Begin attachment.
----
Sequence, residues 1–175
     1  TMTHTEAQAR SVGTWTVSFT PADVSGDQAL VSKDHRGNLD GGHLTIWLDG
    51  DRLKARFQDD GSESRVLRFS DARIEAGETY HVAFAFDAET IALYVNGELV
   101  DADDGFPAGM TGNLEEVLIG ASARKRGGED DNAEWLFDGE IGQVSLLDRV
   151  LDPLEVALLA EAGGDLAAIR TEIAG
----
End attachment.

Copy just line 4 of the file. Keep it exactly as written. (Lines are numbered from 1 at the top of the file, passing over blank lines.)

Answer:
   101  DADDGFPAGM TGNLEEVLIG ASARKRGGED DNAEWLFDGE IGQVSLLDRV